To be sure, the sheriff shares some concerns about the shaky ground — hence his reservations about driving across it. He worries nearby roads will grow more dangerous as 80,000-pound oil tankers continue to rumble down them.
He worries that folks who sneak past the barbed wire and fences that surround the sinkholes — whether for a swim in their waters or just a peek at the oddity — will get hurt. That’s why he and his deputies occasionally monitor the area and tell gawkers to move along or face arrest for trespassing.
But those fears are relative in this county of crunched budgets, rattlesnakes and too many road deaths in other, less remarkable circumstances.
“We don’t lose sleep over it,” Keely said. “The catastrophic event I’m most concerned about is if Hillary Clinton becomes president.”
So far, neither of the holes has threatened homes or businesses — just some oil and gas equipment and those curious stretches of road. Sink No. 2 is closest to either town, sitting about a mile northeast of the edge of Wink, population roughly 1,000 and the boyhood home of Roy Orbison, the soulful rock-and-roller.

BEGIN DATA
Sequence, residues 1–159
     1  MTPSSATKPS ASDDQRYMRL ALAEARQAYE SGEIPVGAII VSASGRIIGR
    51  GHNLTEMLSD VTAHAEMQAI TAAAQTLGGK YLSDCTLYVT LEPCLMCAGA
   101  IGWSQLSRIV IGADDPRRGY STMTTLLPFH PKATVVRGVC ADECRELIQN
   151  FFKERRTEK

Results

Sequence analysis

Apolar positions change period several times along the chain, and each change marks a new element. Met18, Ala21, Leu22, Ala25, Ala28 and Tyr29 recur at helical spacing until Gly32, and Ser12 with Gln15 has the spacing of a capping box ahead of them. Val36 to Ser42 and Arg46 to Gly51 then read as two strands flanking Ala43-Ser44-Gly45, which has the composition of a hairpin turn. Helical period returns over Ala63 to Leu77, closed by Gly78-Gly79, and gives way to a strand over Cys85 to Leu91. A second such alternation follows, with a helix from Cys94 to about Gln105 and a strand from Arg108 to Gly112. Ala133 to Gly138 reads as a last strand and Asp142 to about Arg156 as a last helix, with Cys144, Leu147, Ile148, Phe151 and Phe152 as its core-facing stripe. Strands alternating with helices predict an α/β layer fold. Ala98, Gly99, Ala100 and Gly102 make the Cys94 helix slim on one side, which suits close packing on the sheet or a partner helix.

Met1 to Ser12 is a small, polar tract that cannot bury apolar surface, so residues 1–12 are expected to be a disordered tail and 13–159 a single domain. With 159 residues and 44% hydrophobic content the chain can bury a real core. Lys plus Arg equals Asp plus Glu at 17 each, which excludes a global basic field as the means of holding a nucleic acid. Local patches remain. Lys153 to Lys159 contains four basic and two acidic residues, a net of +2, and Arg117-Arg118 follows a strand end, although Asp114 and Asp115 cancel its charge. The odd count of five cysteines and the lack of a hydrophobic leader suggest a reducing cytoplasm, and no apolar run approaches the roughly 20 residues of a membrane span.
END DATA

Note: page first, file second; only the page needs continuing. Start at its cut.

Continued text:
If the hole dramatically expands, “Wink will have some beachfront property,” Keely jokes. “Somebody’s going to make a marina out of it.”
Sinkholes aren’t unusual in West Texas’ Permian Basin or other parts of Texas, but the Wink Sinks stand out for their breathtaking size.
They are the most fascinating features of Winkler County, but local officials cannot promote them to would-be visitors, what with the danger and fact that they are on land owned by two separate energy companies.
The first hole opened up about six miles south of Kermit in early June of 1980. It formed around an oil well first drilled in 1928 and abandoned in 1964, gulping tons of dirt and oil pipelines in the process.
The collapse sent oilmen racing to drain nearby storage tanks and reroute pipes, according to news reports at the time. And it raised stakes in a longstanding rivalry between Wink and its larger neighbor Kermit, as the towns feuded over what to name the phenomenon. “Wink Sink” ultimately won out over the less accurate “Kermit Krater” and the geographically neutral “Guacamole Hole-y,” a reference to the sinkhole’s avocado-green water.
“There’s no water and no excitement over here, so everybody chose that,” said Cotton, who years ago would get a look at the chasm while working on telephone lines for Southwestern Bell.
“I wasn’t always real comfortable going up next to it,” he said, recalling a thought that would swirl through his head: “I just hope it ain’t my day.”
If Kermit harvests any lingering resentment over the sinkhole’s name, it could not be found at Jerrie’s.